Madura. Trimul Naik's Portico [Pudu Mandapa]. Carved pillars on south side
Photographer: Lyon, Edmund David
Medium: Photographic print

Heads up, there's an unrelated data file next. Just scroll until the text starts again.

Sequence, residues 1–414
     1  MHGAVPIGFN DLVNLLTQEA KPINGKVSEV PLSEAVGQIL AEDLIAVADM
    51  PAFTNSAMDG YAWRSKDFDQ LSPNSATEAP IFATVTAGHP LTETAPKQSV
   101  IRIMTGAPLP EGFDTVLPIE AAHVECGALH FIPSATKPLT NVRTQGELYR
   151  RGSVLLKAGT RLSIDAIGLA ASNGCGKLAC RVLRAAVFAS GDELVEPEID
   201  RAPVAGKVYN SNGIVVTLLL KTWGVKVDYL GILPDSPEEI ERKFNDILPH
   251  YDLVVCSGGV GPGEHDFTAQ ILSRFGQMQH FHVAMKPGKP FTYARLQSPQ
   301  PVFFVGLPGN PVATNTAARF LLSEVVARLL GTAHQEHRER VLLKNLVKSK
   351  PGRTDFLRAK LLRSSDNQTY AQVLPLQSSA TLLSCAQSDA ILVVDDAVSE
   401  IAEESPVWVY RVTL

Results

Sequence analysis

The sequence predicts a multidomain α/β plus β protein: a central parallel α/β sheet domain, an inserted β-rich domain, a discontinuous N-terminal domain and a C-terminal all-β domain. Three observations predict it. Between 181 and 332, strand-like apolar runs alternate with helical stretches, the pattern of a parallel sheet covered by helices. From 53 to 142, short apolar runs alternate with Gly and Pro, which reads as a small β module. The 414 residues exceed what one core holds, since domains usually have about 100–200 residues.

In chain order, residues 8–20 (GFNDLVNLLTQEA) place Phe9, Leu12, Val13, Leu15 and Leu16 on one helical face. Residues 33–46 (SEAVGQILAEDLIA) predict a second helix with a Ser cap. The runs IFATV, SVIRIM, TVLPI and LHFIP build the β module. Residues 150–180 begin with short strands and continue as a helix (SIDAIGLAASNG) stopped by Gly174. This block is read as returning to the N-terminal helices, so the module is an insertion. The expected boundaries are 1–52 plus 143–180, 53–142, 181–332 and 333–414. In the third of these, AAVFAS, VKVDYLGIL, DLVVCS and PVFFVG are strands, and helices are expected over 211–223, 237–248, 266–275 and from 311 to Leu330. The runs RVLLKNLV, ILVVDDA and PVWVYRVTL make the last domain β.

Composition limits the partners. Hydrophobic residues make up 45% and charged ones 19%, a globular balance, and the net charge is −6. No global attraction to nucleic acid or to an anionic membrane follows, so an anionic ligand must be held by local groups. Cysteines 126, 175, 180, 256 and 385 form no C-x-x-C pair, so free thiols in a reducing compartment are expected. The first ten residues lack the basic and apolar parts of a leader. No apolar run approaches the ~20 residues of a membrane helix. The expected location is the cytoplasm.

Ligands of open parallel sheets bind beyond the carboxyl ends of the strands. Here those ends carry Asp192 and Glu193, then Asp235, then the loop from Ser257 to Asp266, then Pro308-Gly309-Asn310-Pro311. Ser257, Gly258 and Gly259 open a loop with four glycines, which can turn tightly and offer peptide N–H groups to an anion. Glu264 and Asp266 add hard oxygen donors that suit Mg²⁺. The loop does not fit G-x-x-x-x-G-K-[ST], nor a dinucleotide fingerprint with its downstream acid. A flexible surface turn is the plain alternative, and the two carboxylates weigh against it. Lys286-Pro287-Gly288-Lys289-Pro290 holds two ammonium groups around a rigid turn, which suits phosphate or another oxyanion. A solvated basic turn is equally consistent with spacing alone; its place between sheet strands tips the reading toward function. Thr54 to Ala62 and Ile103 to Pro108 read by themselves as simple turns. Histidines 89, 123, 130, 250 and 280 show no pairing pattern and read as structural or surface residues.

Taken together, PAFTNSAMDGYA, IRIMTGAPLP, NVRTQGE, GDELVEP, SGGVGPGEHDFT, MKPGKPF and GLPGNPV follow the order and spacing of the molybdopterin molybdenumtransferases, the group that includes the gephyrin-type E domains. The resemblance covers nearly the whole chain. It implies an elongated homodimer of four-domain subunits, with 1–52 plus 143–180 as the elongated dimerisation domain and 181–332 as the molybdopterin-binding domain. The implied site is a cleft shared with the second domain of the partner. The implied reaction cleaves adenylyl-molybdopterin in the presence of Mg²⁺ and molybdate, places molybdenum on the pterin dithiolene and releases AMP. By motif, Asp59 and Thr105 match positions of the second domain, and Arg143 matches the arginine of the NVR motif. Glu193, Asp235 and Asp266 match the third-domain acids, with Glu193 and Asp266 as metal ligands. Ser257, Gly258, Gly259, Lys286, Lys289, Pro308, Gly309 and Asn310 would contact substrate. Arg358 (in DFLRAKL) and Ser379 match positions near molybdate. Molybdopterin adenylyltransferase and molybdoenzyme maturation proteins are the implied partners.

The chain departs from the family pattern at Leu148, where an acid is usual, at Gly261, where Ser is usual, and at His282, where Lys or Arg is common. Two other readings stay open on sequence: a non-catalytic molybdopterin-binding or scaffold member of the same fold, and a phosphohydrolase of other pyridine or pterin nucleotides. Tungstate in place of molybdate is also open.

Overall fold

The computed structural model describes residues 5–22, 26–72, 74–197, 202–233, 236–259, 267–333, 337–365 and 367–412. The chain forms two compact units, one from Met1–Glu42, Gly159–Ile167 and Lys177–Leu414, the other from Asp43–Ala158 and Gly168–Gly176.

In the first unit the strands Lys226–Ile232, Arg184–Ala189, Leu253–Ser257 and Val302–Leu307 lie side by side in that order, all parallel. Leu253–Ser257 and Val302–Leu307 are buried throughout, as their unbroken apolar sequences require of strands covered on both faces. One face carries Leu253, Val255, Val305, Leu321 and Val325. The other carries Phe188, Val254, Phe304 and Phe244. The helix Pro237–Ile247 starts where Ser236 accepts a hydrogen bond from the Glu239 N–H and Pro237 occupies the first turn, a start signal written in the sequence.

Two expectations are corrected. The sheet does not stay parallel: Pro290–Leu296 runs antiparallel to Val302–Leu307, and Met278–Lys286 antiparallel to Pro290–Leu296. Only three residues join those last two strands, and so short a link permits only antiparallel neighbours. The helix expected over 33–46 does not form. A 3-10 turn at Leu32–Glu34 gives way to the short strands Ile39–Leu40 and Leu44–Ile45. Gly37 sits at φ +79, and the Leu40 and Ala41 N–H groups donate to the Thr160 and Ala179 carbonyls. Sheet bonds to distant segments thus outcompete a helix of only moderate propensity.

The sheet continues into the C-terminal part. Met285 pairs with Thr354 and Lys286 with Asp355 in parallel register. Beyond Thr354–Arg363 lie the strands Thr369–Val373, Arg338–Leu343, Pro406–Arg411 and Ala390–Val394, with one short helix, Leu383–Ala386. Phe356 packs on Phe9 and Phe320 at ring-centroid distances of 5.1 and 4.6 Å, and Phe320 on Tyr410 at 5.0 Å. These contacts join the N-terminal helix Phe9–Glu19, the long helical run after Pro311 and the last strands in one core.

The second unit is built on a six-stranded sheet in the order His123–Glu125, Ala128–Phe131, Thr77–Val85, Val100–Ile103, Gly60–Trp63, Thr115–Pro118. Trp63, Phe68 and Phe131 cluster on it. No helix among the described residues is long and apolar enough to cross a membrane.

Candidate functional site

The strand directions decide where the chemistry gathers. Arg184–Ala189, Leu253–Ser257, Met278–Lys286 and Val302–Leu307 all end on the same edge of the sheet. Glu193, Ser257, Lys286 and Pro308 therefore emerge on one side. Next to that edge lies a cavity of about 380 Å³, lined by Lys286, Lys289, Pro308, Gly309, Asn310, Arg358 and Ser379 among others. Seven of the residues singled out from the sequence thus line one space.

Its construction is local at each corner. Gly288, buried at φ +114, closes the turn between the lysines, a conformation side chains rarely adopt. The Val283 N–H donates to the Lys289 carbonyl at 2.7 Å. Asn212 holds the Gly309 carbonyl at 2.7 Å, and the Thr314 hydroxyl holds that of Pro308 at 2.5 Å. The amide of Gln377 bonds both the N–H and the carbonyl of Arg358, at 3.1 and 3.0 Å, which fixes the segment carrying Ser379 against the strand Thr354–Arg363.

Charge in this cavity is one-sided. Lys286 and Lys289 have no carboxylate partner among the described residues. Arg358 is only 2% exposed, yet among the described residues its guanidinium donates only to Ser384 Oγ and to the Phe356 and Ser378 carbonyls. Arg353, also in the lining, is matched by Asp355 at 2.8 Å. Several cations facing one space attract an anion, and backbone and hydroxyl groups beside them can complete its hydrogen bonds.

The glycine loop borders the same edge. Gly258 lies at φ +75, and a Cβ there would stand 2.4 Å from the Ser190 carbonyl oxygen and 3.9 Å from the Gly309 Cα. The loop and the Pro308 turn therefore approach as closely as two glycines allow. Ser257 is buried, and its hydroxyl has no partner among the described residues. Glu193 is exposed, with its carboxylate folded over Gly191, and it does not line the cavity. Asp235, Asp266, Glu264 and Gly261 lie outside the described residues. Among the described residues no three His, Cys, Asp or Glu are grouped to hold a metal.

Photograph from an album of 41 albumen prints by Edmund David Lyon. The Nayaka dynasty came into being when the post of the governor (nayaka) appointed by the Vijayanagar kings (after they gained control of Madurai in the 14th century) became hereditary. The Nayakas did much to add to the beauty of temples and the present Minakshi temple in Madurai mostly dates from the Nayaka period. It is famous for its sculpted columns, and the Pudhu Mandapam built by Tirumala Nayaka (reigned 1623-59) has many fine examples. Lyon's 'Notes to Accompany a Series of Photographs Prepared to Illustrate the Ancient Architecture of Southern India', edited by James Fergusson, gives the following description of this mandapam (hall), 'On the columns near the middle of the nave, and on each side of it, are figures of the Madura Nayaks. The series commences on the south side with Visvanatha Nayak, the founder of the dynasty, seen on the left in this view, while the other figures are those of his immediate successors, with that nondescript animal, the Yali, in the distance.'